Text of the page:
Friday, September 9, 2016

Get the Cart Behind the Horse

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Many times during the flash of time when I was in the classroom (even though sometimes it felt like an eternity), I questioned what I was doing as I was doing it, and in the process it seemed like I was living the distinction between school and education.

One thing that always bugged me was that I had to repeatedly refer to the commutative property of addition before students had adequately internalized the facts that in addition the order of the two numbers is irrelevant, but with subtraction order matters. Similarly with multiplication and division. In my school, students would become versed in arithmetic well before getting bogged down in the legalese vocabulary of the laws of arithmetic. (Just as we expect people to be able to drive legally and safely without needing to quote government statutes on transportation)

As another example, I refer to the distance between two points on the coordinate plane. For those non-mathematically inclined, that amounts to placing two dots on a grid such as shown here, and determining the distance between them using the grid's scale.
Quite frequently you would see a textbook begin by giving the formula, then include a short dissertation on where it came from (normally making reference to the Pythagorean theorem), and then jump into an application or two.

Just like the real world! First the formula is found, then it is verified to be true, then it is used! That is exactly how life goes, isn't it?  Of course not!

In my personal school I would never make mention of the distance formula until the time came to compare the distance method to that for slope. As a matter of fact, I would introduce the formulas together, AFTER students already had a solid grasp of calculating distances and slopes on the coordinate grid.  Prior to that I would make copious use of the phrases "change in y", and "change in x" interlaced with references to "rise" and "run" until the students picked out their seeming interchangeability, at which point we would shorten them to Δx and  Δy, at which point there would be discussion of the Greek letter delta (any connection to a river's delta?).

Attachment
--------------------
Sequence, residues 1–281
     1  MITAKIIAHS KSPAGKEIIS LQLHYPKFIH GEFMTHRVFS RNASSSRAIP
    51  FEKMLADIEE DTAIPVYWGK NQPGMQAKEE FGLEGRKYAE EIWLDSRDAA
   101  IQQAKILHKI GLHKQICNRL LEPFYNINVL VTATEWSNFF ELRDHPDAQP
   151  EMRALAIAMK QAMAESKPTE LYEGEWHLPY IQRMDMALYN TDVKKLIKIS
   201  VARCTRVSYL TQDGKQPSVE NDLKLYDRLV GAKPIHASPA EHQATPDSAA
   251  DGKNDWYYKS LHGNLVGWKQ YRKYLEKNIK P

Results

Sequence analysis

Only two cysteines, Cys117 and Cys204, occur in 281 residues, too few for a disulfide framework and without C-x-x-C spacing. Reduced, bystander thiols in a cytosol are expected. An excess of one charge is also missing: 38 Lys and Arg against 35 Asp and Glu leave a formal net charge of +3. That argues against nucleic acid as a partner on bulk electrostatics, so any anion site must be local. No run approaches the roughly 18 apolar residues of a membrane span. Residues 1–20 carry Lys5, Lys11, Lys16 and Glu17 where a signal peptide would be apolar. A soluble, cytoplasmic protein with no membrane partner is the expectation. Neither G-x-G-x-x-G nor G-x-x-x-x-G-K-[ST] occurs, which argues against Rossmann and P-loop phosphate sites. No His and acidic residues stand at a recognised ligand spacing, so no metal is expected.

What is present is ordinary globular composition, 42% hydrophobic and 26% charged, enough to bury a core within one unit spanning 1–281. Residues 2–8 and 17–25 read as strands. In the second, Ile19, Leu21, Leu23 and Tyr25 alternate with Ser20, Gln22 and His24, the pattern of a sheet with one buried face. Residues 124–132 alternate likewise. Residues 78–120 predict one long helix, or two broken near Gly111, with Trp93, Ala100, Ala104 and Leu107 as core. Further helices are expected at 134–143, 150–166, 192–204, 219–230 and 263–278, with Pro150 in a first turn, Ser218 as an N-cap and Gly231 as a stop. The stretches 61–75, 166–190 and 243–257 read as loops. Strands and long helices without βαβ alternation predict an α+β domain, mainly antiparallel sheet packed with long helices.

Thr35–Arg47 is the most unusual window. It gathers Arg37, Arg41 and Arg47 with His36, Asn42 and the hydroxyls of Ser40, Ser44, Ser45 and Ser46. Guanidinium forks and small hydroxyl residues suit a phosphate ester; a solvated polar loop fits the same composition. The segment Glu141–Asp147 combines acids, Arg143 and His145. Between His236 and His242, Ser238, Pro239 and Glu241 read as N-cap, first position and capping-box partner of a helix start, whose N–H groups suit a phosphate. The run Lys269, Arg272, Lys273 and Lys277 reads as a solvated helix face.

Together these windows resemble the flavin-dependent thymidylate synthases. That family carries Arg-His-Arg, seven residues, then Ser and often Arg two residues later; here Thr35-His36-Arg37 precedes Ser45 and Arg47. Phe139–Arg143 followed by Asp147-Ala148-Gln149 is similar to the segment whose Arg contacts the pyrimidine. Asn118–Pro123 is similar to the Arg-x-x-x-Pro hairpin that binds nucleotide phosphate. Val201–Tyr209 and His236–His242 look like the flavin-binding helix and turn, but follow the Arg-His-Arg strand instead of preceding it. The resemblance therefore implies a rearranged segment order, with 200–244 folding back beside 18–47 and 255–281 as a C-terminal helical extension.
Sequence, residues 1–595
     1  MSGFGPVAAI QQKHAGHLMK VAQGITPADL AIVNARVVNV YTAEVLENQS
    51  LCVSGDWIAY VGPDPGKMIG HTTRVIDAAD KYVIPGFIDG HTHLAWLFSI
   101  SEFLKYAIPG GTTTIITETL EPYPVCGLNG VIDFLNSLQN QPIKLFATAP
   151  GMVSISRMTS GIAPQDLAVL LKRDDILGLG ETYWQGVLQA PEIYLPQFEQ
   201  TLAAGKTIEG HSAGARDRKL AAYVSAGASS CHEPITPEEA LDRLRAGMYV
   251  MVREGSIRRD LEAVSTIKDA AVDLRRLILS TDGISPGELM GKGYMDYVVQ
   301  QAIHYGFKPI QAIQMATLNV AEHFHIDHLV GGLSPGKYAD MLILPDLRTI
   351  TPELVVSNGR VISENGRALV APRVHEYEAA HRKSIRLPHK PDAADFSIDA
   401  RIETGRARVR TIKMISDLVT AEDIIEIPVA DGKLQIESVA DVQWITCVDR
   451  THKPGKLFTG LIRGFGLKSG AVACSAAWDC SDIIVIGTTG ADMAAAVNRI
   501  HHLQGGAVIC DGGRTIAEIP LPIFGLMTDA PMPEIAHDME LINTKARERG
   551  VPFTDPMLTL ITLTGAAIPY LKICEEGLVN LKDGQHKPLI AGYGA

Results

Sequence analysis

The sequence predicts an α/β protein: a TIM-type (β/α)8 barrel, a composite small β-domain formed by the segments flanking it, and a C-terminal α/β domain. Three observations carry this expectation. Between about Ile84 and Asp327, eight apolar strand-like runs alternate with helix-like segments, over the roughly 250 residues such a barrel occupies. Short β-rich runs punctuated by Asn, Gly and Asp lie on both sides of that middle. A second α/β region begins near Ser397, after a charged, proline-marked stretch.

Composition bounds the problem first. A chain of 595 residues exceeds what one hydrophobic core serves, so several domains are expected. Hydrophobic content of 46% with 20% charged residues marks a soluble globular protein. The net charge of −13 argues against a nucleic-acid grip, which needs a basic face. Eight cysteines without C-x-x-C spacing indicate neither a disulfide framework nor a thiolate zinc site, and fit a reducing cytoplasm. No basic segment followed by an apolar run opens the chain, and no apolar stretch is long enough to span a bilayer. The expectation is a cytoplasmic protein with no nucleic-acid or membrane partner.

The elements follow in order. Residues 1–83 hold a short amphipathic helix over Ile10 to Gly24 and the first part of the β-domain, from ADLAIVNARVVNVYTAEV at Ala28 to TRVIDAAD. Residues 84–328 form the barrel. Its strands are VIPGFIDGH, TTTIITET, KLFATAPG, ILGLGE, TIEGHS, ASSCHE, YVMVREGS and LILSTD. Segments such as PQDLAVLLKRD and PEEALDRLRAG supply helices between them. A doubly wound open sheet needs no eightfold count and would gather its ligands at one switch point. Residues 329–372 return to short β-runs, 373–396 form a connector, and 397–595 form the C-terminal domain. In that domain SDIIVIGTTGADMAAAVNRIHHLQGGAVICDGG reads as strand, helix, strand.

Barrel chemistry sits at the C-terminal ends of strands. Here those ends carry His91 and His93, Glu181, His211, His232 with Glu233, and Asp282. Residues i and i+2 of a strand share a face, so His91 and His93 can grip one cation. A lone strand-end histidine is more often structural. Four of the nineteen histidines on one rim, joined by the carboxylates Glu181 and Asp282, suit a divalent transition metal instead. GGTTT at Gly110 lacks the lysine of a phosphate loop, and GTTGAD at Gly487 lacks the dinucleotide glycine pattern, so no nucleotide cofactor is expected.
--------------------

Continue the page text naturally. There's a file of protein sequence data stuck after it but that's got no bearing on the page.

Somewhere buried withing the classroom conversation would be the discovery that in the question of distance the signs of Δx and  Δy were irrelevant, but in the case of slope they were very relevant. To help us with this issue, we would establish a tradition of referring to one of the points as (x1,y1) and (x2, y2). Only then, when appropriate, would we actually convert our methods for distance and slope into actual formulas. The formulas would appear as short hand for what they were already doing, not as a prescriptive rule to be mindlessly followed. (Could you imagine if a student driver's first lesson was all about the cruise control buttons?) 

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